When many people think about in-home health care, they think of the type of care that elderly people receive, perhaps prolonging their ability to live independently before they move into a care facility. While it's certainly true that many home care providers, such as Wellspring Meadows Assisted Living, work in this capacity, these health professionals can assist in other ways. If you have a special-needs child of any age who lives at home with you, you can rely on help from a home care worker. Whether you schedule this service regularly or arrange it only when you need a helping hand, your child can benefit from the following types of care.
Bathing And Grooming
It can become increasingly challenging to bathe and groom a special-needs child as he or she ages, especially if the child isn't always cooperative during these activities. If you don't possess the physical strength to help your special-needs child in and out of the bathtub and you don't always have time in your day to take care of his or her basic grooming needs, a home care provider can be a valuable ally. This person can arrive at a designated time each day — for example, first thing in the morning — to get your child bathed, dressed, groomed, and ready to begin the day.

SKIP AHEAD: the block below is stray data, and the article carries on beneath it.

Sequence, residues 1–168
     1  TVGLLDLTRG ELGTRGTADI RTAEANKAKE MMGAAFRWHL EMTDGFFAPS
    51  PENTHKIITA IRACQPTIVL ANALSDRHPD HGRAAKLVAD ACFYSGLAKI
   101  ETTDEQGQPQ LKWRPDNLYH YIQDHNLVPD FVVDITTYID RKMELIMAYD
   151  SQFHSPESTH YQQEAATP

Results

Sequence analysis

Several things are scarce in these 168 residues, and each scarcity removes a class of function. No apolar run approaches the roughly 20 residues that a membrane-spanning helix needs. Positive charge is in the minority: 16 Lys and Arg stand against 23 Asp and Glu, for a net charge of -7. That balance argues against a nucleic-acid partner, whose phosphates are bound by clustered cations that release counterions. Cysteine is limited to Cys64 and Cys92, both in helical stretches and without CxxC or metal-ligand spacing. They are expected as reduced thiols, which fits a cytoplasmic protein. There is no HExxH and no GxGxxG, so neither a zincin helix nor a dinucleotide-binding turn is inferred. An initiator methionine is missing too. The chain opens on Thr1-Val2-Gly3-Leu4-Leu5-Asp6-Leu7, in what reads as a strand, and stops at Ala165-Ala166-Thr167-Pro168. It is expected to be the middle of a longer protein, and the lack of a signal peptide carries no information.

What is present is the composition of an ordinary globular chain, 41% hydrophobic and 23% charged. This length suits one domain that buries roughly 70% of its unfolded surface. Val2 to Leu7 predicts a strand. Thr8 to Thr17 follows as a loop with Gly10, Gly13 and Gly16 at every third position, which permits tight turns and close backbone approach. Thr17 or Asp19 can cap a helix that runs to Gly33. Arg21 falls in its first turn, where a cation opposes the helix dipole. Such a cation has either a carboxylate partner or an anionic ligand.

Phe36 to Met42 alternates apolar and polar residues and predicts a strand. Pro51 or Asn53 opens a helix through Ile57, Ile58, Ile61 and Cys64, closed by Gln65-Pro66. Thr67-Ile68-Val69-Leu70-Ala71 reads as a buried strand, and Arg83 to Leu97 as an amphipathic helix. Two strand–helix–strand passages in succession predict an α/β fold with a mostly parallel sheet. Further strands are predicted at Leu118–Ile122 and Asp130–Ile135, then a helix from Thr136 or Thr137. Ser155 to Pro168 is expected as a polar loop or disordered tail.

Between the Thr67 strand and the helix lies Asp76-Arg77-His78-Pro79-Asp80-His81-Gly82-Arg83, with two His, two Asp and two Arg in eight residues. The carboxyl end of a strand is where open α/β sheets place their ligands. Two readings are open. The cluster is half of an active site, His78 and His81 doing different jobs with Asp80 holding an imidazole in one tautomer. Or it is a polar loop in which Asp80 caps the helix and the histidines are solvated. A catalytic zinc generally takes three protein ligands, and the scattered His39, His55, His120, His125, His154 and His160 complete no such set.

If your special-needs child needs constant companionship throughout the day, this can dramatically affect your daily routine. While you might be able to provide this type of care for much of the day, it can be helpful to have a home care provider visit for a couple hours each day to spend time with your child. The provider can take your child for a walk, play games together, or just enjoy other activities that will give you some breathing room and time for yourself.
Help With Medication
Some special-needs people take several types of medication throughout the day to help manage their medical condition. When you act as the primary caregiver, it may feel overwhelming to constantly be thinking about the management of this medication. For example, your child may need a certain pill at a certain time for behavioral reasons, and failing to give this medication on schedule can make life challenging for each of you. Your home care professional can take charge of this duty to take it off your shoulders, carefully learning the medication schedule for your child and making sure that he or she gets what is needed when it's called for.